Sunday coffee Eta briefing: The dry air from the upper level low has arrived, while wind shear and land interaction impact the storm. The storm is, at least for now, weakening.
Tellingly, the Hurricane Watch for South Florida has not been upgraded to a Warning. Models, which have now benefited from two surveillance missions from the G-IV jet sampling the environment on three sides of Eta, have joined the anticipatory Euro which was calling for a hard-left out of Cuba.
While that turn has yet to happen, Eta is slowing — a sign of imminent turn. As a result, NHC has pushed their forecast track south yet again — now showing the center passing 94 miles away from Miami and making landfall as a robust tropical (or subtropical) storm in the Lower Keys very late Sunday night.
On the map, blue depicts the Tropical Storm Warning. Courtesy of INSMET we can see Eta’s structure on Cuban weather radar. No eye-like feature and severely eroded on the south and southwest side due to the dry air from the upper low.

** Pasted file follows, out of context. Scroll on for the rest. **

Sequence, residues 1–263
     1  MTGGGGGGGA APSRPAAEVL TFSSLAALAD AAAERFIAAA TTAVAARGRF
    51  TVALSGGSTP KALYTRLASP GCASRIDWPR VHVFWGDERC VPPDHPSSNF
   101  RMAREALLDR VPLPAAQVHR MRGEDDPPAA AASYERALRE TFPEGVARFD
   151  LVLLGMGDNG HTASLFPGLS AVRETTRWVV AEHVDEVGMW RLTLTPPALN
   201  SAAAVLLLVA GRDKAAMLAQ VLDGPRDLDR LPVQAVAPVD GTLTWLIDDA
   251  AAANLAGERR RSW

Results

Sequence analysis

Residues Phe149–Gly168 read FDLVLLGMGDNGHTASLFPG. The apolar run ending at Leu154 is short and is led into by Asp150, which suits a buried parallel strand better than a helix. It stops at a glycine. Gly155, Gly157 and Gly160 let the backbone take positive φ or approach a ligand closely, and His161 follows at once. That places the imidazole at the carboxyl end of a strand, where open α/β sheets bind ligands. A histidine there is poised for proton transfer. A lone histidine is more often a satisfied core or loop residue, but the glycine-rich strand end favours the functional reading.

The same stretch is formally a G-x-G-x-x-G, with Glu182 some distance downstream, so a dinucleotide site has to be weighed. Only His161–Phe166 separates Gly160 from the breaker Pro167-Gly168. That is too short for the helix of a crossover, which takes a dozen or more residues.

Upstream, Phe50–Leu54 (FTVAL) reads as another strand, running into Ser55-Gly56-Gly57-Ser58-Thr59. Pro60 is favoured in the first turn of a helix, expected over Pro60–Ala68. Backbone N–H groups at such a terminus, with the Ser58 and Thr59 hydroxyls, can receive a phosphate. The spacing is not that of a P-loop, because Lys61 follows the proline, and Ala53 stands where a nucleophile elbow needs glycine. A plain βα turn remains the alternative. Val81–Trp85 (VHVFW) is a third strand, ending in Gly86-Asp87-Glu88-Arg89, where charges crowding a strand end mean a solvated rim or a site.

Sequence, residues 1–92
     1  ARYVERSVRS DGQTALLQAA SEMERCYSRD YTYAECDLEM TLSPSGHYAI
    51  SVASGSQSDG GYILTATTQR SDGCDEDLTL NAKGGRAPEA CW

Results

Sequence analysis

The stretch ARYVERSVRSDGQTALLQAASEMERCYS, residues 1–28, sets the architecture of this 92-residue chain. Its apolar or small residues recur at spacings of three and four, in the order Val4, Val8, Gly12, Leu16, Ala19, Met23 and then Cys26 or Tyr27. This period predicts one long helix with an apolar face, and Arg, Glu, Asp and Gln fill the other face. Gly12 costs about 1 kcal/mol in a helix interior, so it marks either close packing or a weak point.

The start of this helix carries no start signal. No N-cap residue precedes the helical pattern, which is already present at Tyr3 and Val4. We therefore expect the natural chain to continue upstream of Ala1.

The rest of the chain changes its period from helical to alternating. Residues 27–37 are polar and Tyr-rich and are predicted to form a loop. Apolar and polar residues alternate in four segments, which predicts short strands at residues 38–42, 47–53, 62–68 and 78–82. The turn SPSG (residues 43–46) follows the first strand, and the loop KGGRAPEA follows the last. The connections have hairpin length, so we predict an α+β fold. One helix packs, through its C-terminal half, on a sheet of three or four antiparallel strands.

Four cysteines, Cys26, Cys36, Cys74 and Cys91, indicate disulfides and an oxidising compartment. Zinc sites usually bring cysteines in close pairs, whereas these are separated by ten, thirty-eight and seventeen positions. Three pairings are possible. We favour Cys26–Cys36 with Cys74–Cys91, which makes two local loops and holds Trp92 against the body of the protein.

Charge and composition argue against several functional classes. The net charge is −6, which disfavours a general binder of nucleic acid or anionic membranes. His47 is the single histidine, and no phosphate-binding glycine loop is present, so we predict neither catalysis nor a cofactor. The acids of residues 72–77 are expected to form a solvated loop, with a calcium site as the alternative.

But the northern “dirty” side is a doozy. And that’s the side all of us will deal with. With max winds trending down and the dry air entrainment, it’s tough to see how, despite warm waters, Eta comes back to surpass the intensity (65 mph) it had on approach to Cuba.
There will be some relaxing of the wind shear, but there isn’t a single intensity model that calls for Eta to become a hurricane in the next 24 hours, by which time it would be in the Gulf of Mexico.
About a third of the models make Eta a hurricane in about three days in the Gulf or while threatening Florida’s west coast.
My forecast for metro South Florida remains the same: Excessive rainfall likely adding up to 10+ inches through Monday. A Flood Watch is posted. Winds gusting 50 - 70 mph late Sunday through early Monday. A Tropical Storm Warning is posted, storm surge of 2 - 4 feet, and isolated tornadoes.